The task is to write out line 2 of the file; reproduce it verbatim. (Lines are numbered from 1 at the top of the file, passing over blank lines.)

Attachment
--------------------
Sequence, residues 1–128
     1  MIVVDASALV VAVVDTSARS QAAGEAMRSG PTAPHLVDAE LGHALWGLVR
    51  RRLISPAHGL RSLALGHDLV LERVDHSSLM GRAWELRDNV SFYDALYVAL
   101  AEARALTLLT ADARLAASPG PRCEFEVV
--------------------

     1  MIVVDASALV VAVVDTSARS QAAGEAMRSG PTAPHLVDAE LGHALWGLVR